Next Tuesday, Gen David Petraeus and US Ambassador to Iraq Ryan Crocker begin their attempts to sell Congress -- and therefore the American people -- on the notion that "progress" exists and thrives in Iraq.  In anticipation of the expected snow job, Congress has attempted to lay down some guidance this week.  Most successful was Wendesday's hearing by the US Senate's Foreign Relations Committee where retired Gen William Odom explained the escalation ("surge") didn't work, was never going to work, explained the problems with paying off thugs who are 'loyal' for coin, and much more.  Thursday, the Senate Foreign Relations Committee continued to explore Iraq and US House Speaker Nancy Pelosi held a press conference on Iraq that was supposed to outline the message but instead she got sidetracked (with her travels, her candidate of choice, etc.) -- US House Rep Rahm Emanuel managed to salvage the conference.
If the snow job is blinded by realities this time, credit will go to those like Marilou Johanek (Toledo Blade) who've shown what a working press is:
SO MUCH for Iraq's "defining moment." That's what the "Decider" called last week's Iraqi offensive against Shiite militants in Basra. It was a defining moment all right, one that underscored how worthless Iraqi's army and "unity" government are five years into the war.        
Interesting how muted Washington has been about the whole affair lately. Initially, the Bush Administration scrambled to put a positive spin on Iraqi Prime Minister Nouri al-Maliki's ill-advised and ill-prepared government crackdown in the country's second largest city. Only after Iraqi security forces got a "thumpin" -- to put it in George W. Bush's vernacular -- and the prime minister, who had vowed to remain in Basra for a "decisive and final battle" against the militias, backed down after Iran brokered a cease-fire, did the administration start to disown the debacle.
And include  The Villager  whose  editorial, "Dems must find their spine on Iraq," spelled it out clearly: "The so-called surge is not "working" and it has nothing to do with the heightened violence last week. Even with the reduced level of violence against Americans in the last few months, we were still losing about a soldier a day. Many more troops are being severely wounded with crippling physical and mental injuries. Iraqi civilians continue to be killed in far greater numbers. The surge's intent was to prompt the Iraqis into making political compromises in order to govern themselves. Even the Bush administration admits there has been little progress on that front. How will the Iraqis ever be able to police themselves if Bush and John McCain continue to suggest we are willing to stay indefinitely -- a century, if necessary?"  The assault on Basra was a War Crime.  It was also a moment that revealed to the entire world that the US installed puppet Nouri al-Maliki was incompentent and unsupported by the Iraqi people. 
He made ultimatums and then had to back down because he lacks the support to carry those out.  This week he showed up attempting to save face after Moqtada al-Sadr's call for a stand-down (via talks between members of Iraq's parliament and Iran) brought the peace al-Maliki can never provide.  He also begged for resistance fighters to return at least 50 government vehicles they had seized during the fighting -- but he calls it a 'win.'  And he and his White House handlers learn nothing from the experience.  AFP reports that Thursday he was boasting of more assaults on al-Sadr's followers and repeating his talk of "outlaws" and how he doesn't make deals with him.  Having yet again talked big, he got sleep and -- maybe he had scary nightmares -- showed up today with a different tune.  Reuters reported this morning that he was now saying turn in weapons and everyone can get along!  He'll even "grant amnesty from prosectuion"!  Retuers observed, "The statement appeared to soften Maliki's position from Thursday, when at a news conference he threatened a crackdown on Sadr's strongholds in Baghdad."  Meanwhile Matt Schofield (Kansas City Star) wonders, "So, we're almost five years from the day Baghdad fell, and it's time to ask: Who is in control of Iraq?"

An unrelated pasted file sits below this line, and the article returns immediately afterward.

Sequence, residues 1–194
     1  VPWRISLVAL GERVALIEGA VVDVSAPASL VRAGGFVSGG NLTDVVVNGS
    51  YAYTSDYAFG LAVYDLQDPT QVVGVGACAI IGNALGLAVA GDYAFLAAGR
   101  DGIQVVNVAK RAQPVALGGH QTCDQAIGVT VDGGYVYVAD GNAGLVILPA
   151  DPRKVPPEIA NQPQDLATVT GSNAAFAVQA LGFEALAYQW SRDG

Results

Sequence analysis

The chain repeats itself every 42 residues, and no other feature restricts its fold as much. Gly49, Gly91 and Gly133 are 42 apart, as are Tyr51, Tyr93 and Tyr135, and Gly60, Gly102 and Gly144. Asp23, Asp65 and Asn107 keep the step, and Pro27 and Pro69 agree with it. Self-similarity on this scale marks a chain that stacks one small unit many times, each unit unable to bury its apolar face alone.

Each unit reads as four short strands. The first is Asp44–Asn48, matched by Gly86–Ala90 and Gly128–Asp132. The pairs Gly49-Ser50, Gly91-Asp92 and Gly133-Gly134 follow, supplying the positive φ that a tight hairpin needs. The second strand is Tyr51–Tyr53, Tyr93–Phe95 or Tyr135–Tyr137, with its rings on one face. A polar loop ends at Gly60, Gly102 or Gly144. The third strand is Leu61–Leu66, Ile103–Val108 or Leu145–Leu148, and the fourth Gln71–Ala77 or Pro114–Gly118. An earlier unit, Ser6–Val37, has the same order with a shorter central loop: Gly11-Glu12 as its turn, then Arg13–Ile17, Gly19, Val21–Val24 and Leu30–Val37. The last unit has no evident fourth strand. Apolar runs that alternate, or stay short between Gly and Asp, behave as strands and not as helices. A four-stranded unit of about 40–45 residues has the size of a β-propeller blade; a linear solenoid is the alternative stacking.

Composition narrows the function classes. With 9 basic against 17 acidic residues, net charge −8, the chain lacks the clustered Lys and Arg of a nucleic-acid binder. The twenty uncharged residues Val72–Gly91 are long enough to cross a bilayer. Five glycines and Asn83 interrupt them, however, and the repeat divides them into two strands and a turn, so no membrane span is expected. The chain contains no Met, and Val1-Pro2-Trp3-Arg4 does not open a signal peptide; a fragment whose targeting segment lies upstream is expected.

Turning to the topic of Iraqi refugees.  Tuesday the UNHCR's Jennifer Pagonis broke down the latest figures on the internally displaced noting that "it is estimated that over 2.77 million people are currently displaced inside the country.  Of these, 1.2 million were displaced before 2006 and more than 1.5 million were displaced in 2006 and 2007."  Of these, "over 1 million cannot access regular income.  Around 300,000 individuals have no access to clean water and are in need of legal aid to enable them to access other basic services."  On external refugees, Trudy Rubin (Philadelphia Inquirer) observes, "More than two million Iraqi refugees are struggling to survive outside Iraq, the bulk of them in neighboring Jordan and Syria. . . . Jordan and Syria can't afford to keep them, but they can't go home and are running out of money.  Yet the desperate plight of Iraq's refugees isn't one the president wants to highlight -- because it underlines how tenuous the situation remains in Iraq."  That's putting it mildly.  Relief Web notes this from the Christian Reformed Church in North America, "Early last year the U.S. government agreed to resettle 7,000 refugees by February 2008, giving preference to those at greatest risk of violence.  Today, only 2,000 Iraq refugees have entered the United States, with nearly 12,000 more awaiting approval."  That should read: "still waiting approval."  Dropping back to the Feb. 21st snapshot: